This section contains 1,351 words
(approx. 5 pages at 300 words per page)
Critical Review by Katherine Woods
SOURCE: "Isak Dinesen's Fine Record of Life on an African Farm," in The New York Times Book Review, March 6, 1938, p. 3.
In the following review, Woods enthusiastically praises Out of Africa.
The book [Out of Africa] which Isak Dinesen has made from her life on an African farm is a surprising piece of writing to come from the author of Seven Gothic Tales. After dazzling the public with what Dorothy Canfield called "the strange slanting beauty and controlled fantasy" of the first book, this amazing Danish master of English prose has stepped now into the clearest reality, the utmost classic simplicity, the most direct—yet the most exquisitely restrained—truth. But it is an incandescent simplicity; the reality is of the spirit as well as of object and event; the truth is a cry from the heart. And after all the books that we have had out of Africa, I think this is the one we have been waiting for.
Like the Ngong hills—"which are amongst the most beautiful in the world"—this writing is without redundancies, bared to its lines of strength and beauty. "There was no fat on it, and no luxuriance anywhere," she says of her African landscape; so in the book there is no sentimentality, no elaboration. It is an autobiographical book: in one sense, only partly an autobiography; in another sense, doubly autobiographical. This is not a chronological record; and until close to the end it touches almost casually the course of the author's life. It is peopled with other characters, every one of them alive. And the author knows how the hills look just before the rains come; and how the bleak wind runs over the land and the scents and colors die when the rains fail; and how often the bright air will bring illusion, as if one were walking on the bottom of the sea. She can make a sudden parable of the resignation of the oxen, and understand the tragedy of the captured giraffes, so proud and innocent; and the ancient African forest, she says, is like an old tapestry. She knows the practical details, the hard work, of this farm life, too.
But before one has read many pages in her book one realizes how, in a deeper sense than that of mere chronicle, these clear objective details from a farm in Kenya are themselves wholly personal. Once, looking back on an evening errand in wartime in the Masai Reserve, she shows the reason:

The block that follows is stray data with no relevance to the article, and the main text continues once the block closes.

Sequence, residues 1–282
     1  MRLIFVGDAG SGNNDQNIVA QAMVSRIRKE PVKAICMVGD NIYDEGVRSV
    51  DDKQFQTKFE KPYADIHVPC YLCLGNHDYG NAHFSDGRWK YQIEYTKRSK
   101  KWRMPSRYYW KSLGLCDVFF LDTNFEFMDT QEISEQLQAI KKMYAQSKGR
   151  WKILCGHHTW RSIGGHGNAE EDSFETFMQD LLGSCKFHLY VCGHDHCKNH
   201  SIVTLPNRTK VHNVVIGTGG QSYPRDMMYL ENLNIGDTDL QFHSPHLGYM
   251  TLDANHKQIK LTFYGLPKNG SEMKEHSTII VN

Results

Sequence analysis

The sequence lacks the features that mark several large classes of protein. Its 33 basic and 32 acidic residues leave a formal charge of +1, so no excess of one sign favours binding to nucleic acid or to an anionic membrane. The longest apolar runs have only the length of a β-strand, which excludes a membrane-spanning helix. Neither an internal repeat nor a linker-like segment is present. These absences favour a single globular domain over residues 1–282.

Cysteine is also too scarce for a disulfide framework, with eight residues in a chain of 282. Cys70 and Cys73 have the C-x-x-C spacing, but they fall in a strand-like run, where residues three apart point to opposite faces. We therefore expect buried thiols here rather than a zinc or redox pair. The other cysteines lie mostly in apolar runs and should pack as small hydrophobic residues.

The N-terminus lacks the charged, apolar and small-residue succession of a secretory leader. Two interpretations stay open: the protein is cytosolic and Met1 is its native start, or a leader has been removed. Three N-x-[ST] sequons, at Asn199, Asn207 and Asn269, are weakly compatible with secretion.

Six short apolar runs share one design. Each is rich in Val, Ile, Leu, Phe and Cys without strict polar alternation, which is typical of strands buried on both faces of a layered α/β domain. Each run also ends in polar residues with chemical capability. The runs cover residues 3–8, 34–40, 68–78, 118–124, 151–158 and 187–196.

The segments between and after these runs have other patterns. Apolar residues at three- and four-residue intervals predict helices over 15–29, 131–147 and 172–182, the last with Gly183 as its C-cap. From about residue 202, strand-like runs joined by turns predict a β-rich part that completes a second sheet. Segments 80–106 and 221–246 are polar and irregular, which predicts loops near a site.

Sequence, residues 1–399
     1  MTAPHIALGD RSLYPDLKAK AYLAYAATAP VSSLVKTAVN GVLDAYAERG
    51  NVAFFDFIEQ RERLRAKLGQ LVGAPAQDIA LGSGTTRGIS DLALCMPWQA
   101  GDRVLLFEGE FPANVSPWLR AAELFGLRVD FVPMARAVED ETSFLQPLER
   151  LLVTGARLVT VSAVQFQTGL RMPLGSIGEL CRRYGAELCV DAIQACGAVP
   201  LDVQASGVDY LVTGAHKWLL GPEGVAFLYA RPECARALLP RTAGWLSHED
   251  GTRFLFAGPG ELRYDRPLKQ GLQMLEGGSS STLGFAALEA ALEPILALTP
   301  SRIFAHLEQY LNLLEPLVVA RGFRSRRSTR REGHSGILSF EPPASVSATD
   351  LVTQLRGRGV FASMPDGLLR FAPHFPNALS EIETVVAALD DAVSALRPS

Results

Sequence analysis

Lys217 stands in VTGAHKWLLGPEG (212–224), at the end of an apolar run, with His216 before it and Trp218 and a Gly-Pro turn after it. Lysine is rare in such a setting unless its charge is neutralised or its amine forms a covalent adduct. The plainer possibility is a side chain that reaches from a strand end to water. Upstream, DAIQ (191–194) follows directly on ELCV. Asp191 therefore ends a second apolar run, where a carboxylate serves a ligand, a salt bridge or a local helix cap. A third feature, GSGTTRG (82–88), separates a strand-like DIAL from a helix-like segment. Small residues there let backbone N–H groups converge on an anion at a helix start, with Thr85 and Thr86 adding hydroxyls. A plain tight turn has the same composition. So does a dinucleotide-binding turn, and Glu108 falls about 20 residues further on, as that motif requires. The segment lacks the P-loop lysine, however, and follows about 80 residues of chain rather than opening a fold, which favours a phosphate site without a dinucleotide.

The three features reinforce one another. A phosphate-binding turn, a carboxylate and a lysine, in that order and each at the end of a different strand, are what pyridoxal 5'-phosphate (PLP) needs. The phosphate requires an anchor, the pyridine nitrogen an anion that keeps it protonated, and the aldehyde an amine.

The plains with the thorntrees on them were already quite dark, but the air was filled with clarity—and over our heads, to the west, a single star which was to grow big and radiant in the course of the night was now just visible, like a silver point in the sky of citrine topaz. The air was cold to the lungs, the long grass dripping wet, and the herbs on it gave out their spiced astringent scent. In a little while on the sides the cicada would begin to sing. The grass was me, and the air, the distant invisible mountains were me, the tired oxen were me. I breathed with the slight wind in the thorntrees.
This is more than mere understanding. And Africa lives through all this beautiful and heart-stirring book because of that simple and unsought-for fusion of the spirit, lying behind the skill which can put the sense of Africa's being into clear, right, simple words, through the things and people of the farm.
The farm was a coffee plantation, but much of it was grass land and part was primeval forest, and native squatters lived, by law and custom, on 1,000 of its 6,000 acres and had their own gardens and herds there. Across the river was the country of the Masai, a proud people who had been great fighters but were now a dying race. Hunting country was roundabout, and two missions were a few miles away (in opposite directions), and it was not a long drive to Nairobi, even in the early days by cart. Other Europeans came and went, and some lived in these same hills. That complex scene, that unpredictable cast of characters, of the European colony in Africa, can be found in this book. But Baroness Blixen (not yet known under her penname of Isak Dinesen) was very close to the native peoples and to all the immemorial life of the African wild. It was not easy to get to know the natives, she says: they understood her better than she understood them; but she felt a great affection for them, from the first.